• What kind of computer do you use for school? Mac, or Windows? A quick technology survey question to understand what OSes I need to be compatible to. Currently checks out at a about 70% Mac, 30% Windows. I suspect many independent schools with limited IT support find it a net savings to spend more on Mac hardware and less on IT support. (You have to pay an IT person an annual salary. You only have to buy a MacBook every five years. That math checks out.) With regards to operating systems: I have never, ever, ever once been told “I use Linux” by a teacher. Never say “never”, but I have a strong inkling that Report Card Writer is never going to support Linux.

Running The Interview

OK! With prep work in hand, you can shift your focus to actually conducting the interview. This is not any more complicated than following the agenda you wrote up for yourself. Here are some of the

Ask more questions - especially if you hear something new.

The most valuable moments in a user interview is when your interviewee says something you’ve never heard before. Opportunities like this are a gold mine for you. Since your goal is to uncover new insights as well as testing your hypotheses, you should take this opportunity to learn as much as you possibly can!

Ask more questions! Admit your ignorance! Get your interviewee to say more!

The questionnaire that you write in advance isn’t the end-all, be-all of your user interview. It’s a tool to jog your memory when you run out of things to talk about from the prior question. I’ve found that, if you’re really early in the customer interview process, it’s actually kind of hard to ask all of your pre-ordained questions. That’s because your interview subjects are positively bombarding you with useful information.

Give the demo!

After about 15-20 minutes of conversation, the interview turns to showing off what I’ve made to the subject. This looks a lot like the demo video I put together for Report Card Writer:


Once I’ve given the shpiel, I lead with a simple question: “So - what d’you think?”

This always leads to a wealth of feedback from the subject. People tend to grasp what’s going on in the software very quickly. The conversation rapidly shifts to feature requests and excited talk of how they could apply it.

A word about feature requests: any one of them, in isolation, is effectively useless. Everyone has a different workflow for creating report card comments. It’s only natural that they’ll ask your software to fit into their workflow. The point of user interviews, however, is to see what parts of the workflow are common to everyone - or, most everyone. Repeated requests for the same thing, from different people, are real. Those are things you should build into your software. Like I said in a prior post: every single user asked for Excel import/export functionality. This was an obvious feature to build in. I say “obvious” because unanimity is a hard thing to come by in any group of people. That kind of convergence in opinion is a dead giveaway for what you should be building next. It’s a tide you can’t really stand against.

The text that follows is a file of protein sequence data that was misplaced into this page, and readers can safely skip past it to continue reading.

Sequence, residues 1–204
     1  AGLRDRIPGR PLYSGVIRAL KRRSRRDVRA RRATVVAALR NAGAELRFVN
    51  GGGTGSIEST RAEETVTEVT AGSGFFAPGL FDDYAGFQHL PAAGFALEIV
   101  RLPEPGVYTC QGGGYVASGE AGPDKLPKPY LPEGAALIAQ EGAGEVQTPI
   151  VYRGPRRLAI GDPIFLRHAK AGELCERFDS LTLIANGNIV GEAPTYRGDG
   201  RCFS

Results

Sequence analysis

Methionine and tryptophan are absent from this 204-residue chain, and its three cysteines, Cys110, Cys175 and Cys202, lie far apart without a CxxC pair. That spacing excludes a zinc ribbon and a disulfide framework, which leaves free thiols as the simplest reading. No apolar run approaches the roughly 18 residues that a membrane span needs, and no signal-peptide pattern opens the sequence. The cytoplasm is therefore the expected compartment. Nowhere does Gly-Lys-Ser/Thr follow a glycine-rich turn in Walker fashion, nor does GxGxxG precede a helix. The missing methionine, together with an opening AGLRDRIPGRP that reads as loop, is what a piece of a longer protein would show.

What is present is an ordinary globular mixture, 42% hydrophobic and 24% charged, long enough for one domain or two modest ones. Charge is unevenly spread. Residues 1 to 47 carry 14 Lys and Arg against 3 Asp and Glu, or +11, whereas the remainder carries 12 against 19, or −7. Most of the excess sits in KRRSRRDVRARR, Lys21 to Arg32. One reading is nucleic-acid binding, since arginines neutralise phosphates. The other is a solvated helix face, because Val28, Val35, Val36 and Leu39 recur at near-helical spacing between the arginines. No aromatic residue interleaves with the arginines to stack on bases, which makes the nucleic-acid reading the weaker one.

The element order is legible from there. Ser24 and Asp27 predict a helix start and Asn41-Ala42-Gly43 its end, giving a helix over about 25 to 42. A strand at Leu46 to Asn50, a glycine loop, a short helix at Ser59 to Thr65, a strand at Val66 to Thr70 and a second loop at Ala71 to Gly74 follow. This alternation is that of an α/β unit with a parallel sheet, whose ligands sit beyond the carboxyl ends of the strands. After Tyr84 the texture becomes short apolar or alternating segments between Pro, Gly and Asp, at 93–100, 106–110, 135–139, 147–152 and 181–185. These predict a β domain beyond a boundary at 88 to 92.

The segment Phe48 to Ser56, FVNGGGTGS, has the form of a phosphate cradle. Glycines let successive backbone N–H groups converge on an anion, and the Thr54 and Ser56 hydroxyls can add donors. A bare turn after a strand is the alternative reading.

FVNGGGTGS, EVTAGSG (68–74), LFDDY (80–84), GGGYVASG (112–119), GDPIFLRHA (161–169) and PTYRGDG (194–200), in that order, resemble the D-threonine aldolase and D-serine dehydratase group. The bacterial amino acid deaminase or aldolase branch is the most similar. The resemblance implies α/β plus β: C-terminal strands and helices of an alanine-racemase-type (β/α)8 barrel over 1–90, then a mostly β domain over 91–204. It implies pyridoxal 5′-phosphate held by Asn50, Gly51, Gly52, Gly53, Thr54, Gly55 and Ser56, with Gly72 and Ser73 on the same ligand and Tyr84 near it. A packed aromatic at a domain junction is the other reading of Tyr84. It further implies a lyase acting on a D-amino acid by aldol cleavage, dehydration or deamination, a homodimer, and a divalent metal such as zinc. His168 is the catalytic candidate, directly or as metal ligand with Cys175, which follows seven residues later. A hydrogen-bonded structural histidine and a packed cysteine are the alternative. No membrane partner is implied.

Ask for the sale - and for introductions.

I always end every interview with the same two questions:

  • “I’m selling this software as it is now for $30. Would you like to buy a copy?”
  • “I’m looking for more people to interview about this software. Can you introduce me to anyone you know that would be interested in providing their input?”

Like every question I ask, there’s a straightforward reason for each of these questions.

Asking for the sale

I want to get to a “Yes” if it’s possible to make a sale. I’ve had three people either Venmo me on the spot, or go directly to Gumroad to buy a copy after the interview. That’s cool, and really exciting!

This has been the hardest part of the interview process for me to get used to. I’m an engineer by training. Asking for a sale is something I’ve always been deeply uncomfortable with. I suspect that more than a few readers fit that mold as well. It naturally comes with a fear of judgment. You’re putting your work in front of a customer. Are they willing to buy? What if they reject your work? It’s a very typical fear, and it only gets worse when the thing you’re pitching is something you’ve sunk a bunch of your own time and brain sweat into.

The best advice I can give you on this front is to get over it. Asking for the sale is the hardest part of trying to build a product, but it’s also the only part of the process that matters. Getting people to pay you their hard earned money is the only way to confirm that your thing scratches their itch.

Regardless of the outcome, the feedback is a gift. Don’t shy away from it!

Asking for more leads

I want to find more people to showcase my work to. More perspectives and feedback is more learning! Since teachers work with many other teachers, they are a natural source of more contacts to mine. They also have the benefit of introducing me to teachers I don’t know. The farther outside my own network I get, the more people I meet who have no reason to spare my feelings about this little software product I’ve built. That’s good! Honest feedback about the product is the most I can ask for at the moment.

A Request

If you have read this far, I would absolutely love your help meeting more people to demonstrate Report Card Writer to. Do you know a teacher in a public, private, charter, religious, or other school? I would love it if you pointed them to ReportCardWriter.com, and mentioned that I’m looking for people to interview about the software. Don’t hesitate to reach out to me via this email address, or through report.card.writer@gmail.com.

Thanks a bajillion!

⤧  Next post Why there probably won't be a bFunc Version 2 ⤧  Previous post Report Card Writer: What I've Learned from One Year of User Interviews and Customer Feedback